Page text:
The Camera Activity implements the SurfaceHolder callback interface for monitoring purposes. This specifies the surfaceCreatedsurfaceDestroyed and surfaceChanged methods that will be called when the underlying SurfaceView is created, destroyed or changed.

Size and/or format of the SurfaceView may change, for example by rotating the device from portrait to landscape mode. The SurfaceView itself is used to display the preview image of the camera. To control the camera Android offers the Camera class with its methods openstartPreview,takePicturestopPreviewrelease and a few more.

Preview control

The SurfaceHolder Callbacks are the perfect place to pass the preview of the camera to the SurfaceView of the CameraActivity (excerpt):

public void surfaceCreated(SurfaceHolder aSurfaceHolder) {
  mCamera = Camera.open();
}

public void surfaceChanged(SurfaceHolder aSurfaceHolder, int aFormat, int aWidth, int aHeight) {
  :
  mCamera.stopPreview();
  :
  Camera.Parameters lParms = mCamera.getParameters();
  lParms.setPreviewSize(aWidth, aHeight);
  mCamera.setParameters(lParms);
  try {
    mCamera.setPreviewDisplay(aSurfaceHolder);
  } catch (IOException e) {
    :
  }
  mCamera.startPreview();
  :
}

public void surfaceDestroyed(SurfaceHolder aSurfaceHolder) {
  mCamera.stopPreview();
  mCamera.release();
}

In the surfaceCreated method the camera is first opened with Camera.open(), by analogy in the surfaceDestroyed method the camera is closed again with mCamera.release(). Within the surfaceChanged method, which is called with the first startup of the window, the width and height of the display window are given first and then the SurfaceHolder is given to the Camera object so that it knows in which view it should render the preview.

Camera trigger

The takePicture method of the Camera object triggers the camera and on calling of the Activity Camera.PictureCallback is informed that the camera has shot a photo.

mCamera.takePicture(null, null, mPictureCallback);

mPictureCallback = new Camera.PictureCallback() {
  public void onPictureTaken(byte[] aImageData, Camera aCamera) {
    try {
      JWC.saveFile(aImageData, "foto.jpg", JWebSocketCommonConstants.SCOPE_PUBLIC, true);
    } catch (WebSocketException ex) {
      :
    }
  }
};

The callback is called with the third argument to specify the .jpg format of the image. Optionally .raw data can also be specified with the second argument- if the device memory is sufficient for it. We limit ourselves to the .jpg format due to the large amount of data for the pending transfer.

Photo transfer

The transferring of photos to the server is again very simple: The image is available as a byte array in the .jpg format and is Base64 encoded into a string and transmitted to the server. All this assumes the existence of the fileSave method of the JWC singleton. Until the publication of this article, the transfer of binary data in the WebSocket protocol version 76 was not yet specified. Therefore, there will be room for optimization later.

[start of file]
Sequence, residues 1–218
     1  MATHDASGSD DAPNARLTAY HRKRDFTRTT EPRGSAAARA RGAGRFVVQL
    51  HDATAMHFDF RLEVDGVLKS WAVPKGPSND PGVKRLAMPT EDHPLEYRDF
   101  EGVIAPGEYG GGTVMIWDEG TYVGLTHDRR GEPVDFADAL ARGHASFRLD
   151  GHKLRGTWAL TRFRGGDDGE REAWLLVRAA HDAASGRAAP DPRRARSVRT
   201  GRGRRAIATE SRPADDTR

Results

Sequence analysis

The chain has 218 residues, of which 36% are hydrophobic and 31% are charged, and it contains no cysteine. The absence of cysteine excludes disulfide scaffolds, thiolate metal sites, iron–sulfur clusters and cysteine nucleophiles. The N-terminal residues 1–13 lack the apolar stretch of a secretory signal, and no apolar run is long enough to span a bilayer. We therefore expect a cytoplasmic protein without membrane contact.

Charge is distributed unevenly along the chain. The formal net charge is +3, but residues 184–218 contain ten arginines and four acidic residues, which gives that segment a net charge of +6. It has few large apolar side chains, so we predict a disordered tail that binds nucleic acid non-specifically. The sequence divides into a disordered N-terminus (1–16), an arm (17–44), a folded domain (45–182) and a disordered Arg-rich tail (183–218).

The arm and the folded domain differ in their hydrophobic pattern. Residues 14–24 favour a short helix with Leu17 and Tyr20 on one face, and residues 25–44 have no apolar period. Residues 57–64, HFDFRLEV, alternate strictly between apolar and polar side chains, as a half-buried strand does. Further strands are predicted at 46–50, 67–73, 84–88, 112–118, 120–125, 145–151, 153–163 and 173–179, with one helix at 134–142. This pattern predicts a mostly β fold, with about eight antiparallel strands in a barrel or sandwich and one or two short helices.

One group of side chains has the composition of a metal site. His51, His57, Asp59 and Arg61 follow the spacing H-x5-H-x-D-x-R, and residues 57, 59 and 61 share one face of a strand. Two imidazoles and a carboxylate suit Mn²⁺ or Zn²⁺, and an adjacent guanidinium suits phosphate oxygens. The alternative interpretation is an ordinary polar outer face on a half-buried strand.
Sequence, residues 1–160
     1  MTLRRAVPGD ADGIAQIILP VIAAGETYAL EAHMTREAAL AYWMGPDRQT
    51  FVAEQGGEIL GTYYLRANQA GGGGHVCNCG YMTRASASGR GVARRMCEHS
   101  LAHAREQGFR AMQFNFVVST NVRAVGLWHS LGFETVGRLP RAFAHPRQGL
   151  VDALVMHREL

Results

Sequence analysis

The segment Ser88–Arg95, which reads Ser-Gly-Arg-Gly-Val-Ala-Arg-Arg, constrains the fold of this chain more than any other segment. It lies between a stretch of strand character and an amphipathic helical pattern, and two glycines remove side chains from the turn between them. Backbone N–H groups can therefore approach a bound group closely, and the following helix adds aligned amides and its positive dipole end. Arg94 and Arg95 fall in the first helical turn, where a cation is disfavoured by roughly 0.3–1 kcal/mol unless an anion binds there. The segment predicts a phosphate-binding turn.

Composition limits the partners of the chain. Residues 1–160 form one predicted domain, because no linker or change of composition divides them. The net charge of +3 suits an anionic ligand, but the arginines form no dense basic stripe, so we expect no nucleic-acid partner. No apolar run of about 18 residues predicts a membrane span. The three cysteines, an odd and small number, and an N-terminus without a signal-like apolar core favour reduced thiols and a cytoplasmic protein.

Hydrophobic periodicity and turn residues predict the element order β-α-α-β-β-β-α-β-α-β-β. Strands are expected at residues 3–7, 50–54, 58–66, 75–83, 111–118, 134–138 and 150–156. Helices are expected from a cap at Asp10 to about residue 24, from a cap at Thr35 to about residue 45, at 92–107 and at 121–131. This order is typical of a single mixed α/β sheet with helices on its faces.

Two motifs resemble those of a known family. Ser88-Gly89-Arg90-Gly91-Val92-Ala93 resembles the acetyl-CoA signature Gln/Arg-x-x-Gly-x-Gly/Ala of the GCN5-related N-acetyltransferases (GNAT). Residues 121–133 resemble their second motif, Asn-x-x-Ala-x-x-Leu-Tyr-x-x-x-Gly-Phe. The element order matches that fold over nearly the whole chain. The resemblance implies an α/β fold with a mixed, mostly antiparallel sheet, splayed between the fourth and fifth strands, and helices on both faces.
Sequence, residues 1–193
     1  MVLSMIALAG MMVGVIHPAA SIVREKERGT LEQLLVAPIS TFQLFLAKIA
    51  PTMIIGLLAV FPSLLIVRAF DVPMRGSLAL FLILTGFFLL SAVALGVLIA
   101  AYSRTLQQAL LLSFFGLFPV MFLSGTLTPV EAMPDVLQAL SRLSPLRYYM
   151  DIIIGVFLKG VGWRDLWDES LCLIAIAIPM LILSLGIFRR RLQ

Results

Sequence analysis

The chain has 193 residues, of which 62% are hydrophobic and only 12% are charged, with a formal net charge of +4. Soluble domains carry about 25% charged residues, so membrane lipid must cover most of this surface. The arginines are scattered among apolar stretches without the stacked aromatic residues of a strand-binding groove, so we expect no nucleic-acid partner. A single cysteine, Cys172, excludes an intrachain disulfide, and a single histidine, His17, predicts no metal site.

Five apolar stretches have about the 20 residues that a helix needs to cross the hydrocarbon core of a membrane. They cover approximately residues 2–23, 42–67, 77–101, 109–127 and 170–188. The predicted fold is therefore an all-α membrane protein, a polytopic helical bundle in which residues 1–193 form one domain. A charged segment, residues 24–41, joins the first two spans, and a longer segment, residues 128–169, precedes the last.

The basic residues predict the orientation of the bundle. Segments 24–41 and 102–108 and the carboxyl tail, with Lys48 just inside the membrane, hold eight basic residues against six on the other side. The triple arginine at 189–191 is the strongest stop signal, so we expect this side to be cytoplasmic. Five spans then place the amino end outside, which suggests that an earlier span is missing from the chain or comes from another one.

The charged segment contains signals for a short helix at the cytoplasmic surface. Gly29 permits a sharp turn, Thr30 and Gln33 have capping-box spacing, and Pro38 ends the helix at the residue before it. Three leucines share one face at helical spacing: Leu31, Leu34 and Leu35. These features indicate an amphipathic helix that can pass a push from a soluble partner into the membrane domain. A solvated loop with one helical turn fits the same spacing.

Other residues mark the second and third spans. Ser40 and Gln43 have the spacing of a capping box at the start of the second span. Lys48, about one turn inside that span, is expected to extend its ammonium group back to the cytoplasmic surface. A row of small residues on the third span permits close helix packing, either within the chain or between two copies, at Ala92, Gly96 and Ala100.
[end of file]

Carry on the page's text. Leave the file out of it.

Saving and Notification

The FileSystem Plug-in on the jWebSocket server accepts the data stream and puts the photo either in a users private area or in a public area. A WebSocket Broadcast then informs the target group that a new picture can be collected. Since the amount of data can be quite large, particularly in mobile devices, only the message and not the image itself is sent. The recipient remains free to decide whether he wants to download it or not.

This procedure is also consistent across different platforms because browsers download images without further action from the Webserver itself and are not composed of binary streams. In the "Snapshot" demo at http://jWebSocket.org you can find an example of a browser showing immediately on the screen a photo sent from an Android device.

Further applications

WebSockets will improve the existing communication mechanisms in many areas and open up new prospects in others. Once the infrastructures and the appropriate tariffs are made mobile devices will be continuously online, similar to stationary devices already are today in the conventional network - and they will share and interchange data between the various mobile and stationary platforms.

Many developers are already waiting for WebSockets features such as Remote Procedure Calls, Shared Objects, FileSharing, or the quick access to common databases. In the jWebSocket framework some of these functions are already implemented. And yet, the examples shown here present only a small part of the rich possibilities that WebSockets today already bring to mobile devices and especially to Android apps. Security, scalability, and the further expansion of faster mobile networks are some of the aspects that are the focus of manufacturers and service providers and are what we as Android developers can look forward to already.